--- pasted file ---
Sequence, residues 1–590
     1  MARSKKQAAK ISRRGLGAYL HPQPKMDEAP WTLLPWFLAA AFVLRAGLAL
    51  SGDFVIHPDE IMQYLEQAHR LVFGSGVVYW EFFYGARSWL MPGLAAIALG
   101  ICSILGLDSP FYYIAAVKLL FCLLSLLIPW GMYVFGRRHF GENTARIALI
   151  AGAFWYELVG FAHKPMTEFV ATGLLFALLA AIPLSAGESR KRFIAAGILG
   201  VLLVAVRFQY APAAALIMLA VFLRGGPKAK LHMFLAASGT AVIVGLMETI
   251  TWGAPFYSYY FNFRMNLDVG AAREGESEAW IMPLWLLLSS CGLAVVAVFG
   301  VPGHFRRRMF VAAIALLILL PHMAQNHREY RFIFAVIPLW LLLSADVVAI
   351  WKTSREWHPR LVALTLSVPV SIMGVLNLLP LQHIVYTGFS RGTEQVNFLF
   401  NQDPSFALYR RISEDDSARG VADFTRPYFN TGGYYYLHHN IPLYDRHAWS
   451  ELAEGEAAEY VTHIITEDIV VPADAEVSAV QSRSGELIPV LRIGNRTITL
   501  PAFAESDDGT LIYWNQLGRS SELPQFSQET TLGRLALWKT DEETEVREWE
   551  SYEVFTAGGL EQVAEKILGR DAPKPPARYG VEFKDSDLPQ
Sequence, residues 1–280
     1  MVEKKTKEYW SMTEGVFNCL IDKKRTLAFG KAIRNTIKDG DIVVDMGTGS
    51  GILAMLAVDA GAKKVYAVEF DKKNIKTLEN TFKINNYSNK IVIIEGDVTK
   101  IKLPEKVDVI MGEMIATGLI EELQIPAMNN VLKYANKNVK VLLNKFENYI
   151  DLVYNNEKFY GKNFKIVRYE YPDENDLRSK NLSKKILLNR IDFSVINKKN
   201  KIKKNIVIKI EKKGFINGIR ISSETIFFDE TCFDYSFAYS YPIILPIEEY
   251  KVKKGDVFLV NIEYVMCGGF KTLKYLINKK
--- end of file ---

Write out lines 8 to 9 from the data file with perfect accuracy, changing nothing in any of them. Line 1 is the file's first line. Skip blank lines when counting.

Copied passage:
   301  VPGHFRRRMF VAAIALLILL PHMAQNHREY RFIFAVIPLW LLLSADVVAI
   351  WKTSREWHPR LVALTLSVPV SIMGVLNLLP LQHIVYTGFS RGTEQVNFLF